His voice, the clearance of the words, music, and lyrics everything drew me to Jagjit Singh – it sounded very good to my ears. When I look back at my childhood, I feel the best thing I did in my life was turning fond of Jagjit Singh and his ghazals. It was sure I did not understand most of his singing but it had a consequence on me. They were soothing to my ear and connected to my heart. Nothing else mattered. Many decades after, did I actually discover the true meaning of the songs which I had enjoyed listening and humming to as very much as a child.

jagjit-singh

Qaid-e-hayaat-o-band-e-gham asl mein dono ek hain maut se pehle aadmee gham se nijaat paaye kyon? –Ghalib

“Jagjit ka jaana, ek poori duniya ka uth jaana hai, ik daur kaa uth jaanaa hai… bahut badi shaksiyat aur bahut badi presence aapke paas se uth ke chali jaaye to wo khaalipan, use bayaan karna bada mushkil kaam hai –  Gulzar

I’d quote Gulzar again before sharing 5 of my personal favorite Ghazals by Jagjit Singh, because my words fail to describe the rara avis that Jagjit Singh was…

“एक बौछार था वो,
एक बौछार था वो शख्स
बिना बरसे किसी अब्र की सहमी सी नमी से जो भिगो देता था…
एक बौछार ही था वो
जो कभी धूप की अफ़शां भर के दूर तक
सुनते हुए चेहरों पे छिड़क देता था…
नीम तारीक से हॉल में आँखें चमक उठती थीं
सिर हिलाता था कभी झूम के टहनी की तरह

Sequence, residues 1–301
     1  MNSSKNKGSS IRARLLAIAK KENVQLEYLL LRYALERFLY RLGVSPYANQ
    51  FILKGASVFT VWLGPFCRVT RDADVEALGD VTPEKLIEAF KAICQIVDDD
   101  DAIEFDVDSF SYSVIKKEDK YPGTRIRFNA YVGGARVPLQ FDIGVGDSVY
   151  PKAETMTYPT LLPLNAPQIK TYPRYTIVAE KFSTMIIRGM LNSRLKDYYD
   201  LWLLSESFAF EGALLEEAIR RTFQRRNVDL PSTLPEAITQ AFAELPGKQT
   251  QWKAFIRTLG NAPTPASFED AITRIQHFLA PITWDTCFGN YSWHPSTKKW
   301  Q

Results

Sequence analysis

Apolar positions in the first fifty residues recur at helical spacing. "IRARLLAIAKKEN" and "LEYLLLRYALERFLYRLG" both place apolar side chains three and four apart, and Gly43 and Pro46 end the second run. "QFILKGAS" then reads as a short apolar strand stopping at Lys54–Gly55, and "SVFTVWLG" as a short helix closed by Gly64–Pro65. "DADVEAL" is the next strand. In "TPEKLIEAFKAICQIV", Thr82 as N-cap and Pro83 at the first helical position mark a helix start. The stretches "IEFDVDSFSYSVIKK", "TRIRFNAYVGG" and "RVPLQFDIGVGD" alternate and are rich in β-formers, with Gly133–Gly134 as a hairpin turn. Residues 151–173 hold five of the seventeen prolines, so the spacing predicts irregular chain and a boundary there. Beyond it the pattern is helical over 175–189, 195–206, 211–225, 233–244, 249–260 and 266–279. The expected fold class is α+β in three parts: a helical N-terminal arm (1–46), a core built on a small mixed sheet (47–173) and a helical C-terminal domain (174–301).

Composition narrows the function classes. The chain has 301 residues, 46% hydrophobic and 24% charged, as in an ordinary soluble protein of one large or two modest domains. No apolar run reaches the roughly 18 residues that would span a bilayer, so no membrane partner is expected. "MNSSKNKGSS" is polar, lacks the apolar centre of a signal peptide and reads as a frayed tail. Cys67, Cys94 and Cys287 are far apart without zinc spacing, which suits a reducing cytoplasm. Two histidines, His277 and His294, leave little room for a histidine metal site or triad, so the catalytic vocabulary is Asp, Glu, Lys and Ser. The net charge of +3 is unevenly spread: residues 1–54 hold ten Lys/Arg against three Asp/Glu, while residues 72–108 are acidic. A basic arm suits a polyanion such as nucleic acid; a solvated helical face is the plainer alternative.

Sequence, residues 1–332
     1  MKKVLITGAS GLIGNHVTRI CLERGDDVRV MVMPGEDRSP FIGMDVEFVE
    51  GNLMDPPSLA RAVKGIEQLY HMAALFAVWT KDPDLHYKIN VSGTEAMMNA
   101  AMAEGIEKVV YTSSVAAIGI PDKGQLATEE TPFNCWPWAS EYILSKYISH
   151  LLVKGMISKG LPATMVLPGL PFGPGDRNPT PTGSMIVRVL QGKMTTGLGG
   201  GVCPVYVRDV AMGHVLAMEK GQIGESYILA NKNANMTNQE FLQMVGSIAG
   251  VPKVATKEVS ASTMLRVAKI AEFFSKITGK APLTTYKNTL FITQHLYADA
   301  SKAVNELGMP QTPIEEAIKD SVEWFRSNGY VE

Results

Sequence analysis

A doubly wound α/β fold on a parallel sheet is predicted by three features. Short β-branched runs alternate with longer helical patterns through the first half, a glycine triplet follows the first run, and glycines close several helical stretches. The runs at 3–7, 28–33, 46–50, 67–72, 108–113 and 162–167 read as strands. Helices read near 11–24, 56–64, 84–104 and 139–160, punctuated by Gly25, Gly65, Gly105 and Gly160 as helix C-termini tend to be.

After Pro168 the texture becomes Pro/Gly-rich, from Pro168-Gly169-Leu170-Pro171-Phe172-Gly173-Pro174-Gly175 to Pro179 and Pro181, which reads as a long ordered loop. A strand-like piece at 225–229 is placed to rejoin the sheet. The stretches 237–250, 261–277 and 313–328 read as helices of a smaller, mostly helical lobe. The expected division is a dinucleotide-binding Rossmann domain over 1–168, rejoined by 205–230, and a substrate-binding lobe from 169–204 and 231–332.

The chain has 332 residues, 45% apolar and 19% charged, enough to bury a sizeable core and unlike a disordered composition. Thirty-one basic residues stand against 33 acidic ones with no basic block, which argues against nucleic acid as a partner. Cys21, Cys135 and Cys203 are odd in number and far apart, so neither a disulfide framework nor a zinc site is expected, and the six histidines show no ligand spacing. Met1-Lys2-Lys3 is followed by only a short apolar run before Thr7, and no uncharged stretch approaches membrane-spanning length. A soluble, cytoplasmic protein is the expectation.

लगता था झोंका हवा का था
छेड़ गया है कोई…
गुनगुनाता था तो खुलते हुए बादल की तरह
मुस्कुराहट में कई तर्बों की झनकार छुपी थी….
गली क़ासिम से चली एक ग़ज़ल की झनकार था वो
एक अवाज़ की बौछार था वो..” – Gulzar

 

 

 

 

 

60 total views, 3 views today

18 thoughts on “J – ‘JAGJIT SINGH’

  1. Jagjit Singh is pride of ‘Ghazals’ especially many connect to him, for the pain his voice has in it.

    My friend is a bigfsm of hers, will share with her this post, she will love it.

    And my fav. Lines by Jagjit Singh Ji are ….

    Khwab that shayad khawab hi hoga,

  2. Jagjith Singh is my fav too. And you have embedded all my favorites in one place. The journey of reading your post was musical! 🙂

  3. Though I have not heard all his songs, his definitely had the most beautiful, soothing voice.

  4. Jagjit saab gave a new meaning to Ghazal, spurning poetry that finds its way into the soul and makes the eyes moist. It’s such a fitting tribute to the musical genius. Yeh tera Ghar yeh Mera Ghar, Chitti Na Koi Sandesh are two of his gems.

  5. He’s truly the master of ghazals. My mom, sis and I have spent many an evening quietly listening to his music. Thanks for bringing back those memories

  6. Wow.. Jagjit Singh is and will always be that person whom the Ghazal world will be indebted. My mom is also a great fan of Jagjit and other Gazal singers and through her i learned to love this form of music. You’re right on that it soothes you in every way. My personal fav. is ‘ Yeh kagaj k kashte, vo barish ka panni’. Loved your post 🙂

    @TirelessReader from
    RandomRagas

  7. I confess I haven’t heard Jagjit Singhji’s ghazals. But the way you’ve described them lets me know that you really adore and appreciate them. Beautiful post, and you’ve described him and his music in a way, that even I who do not know much about him, understood! 🙂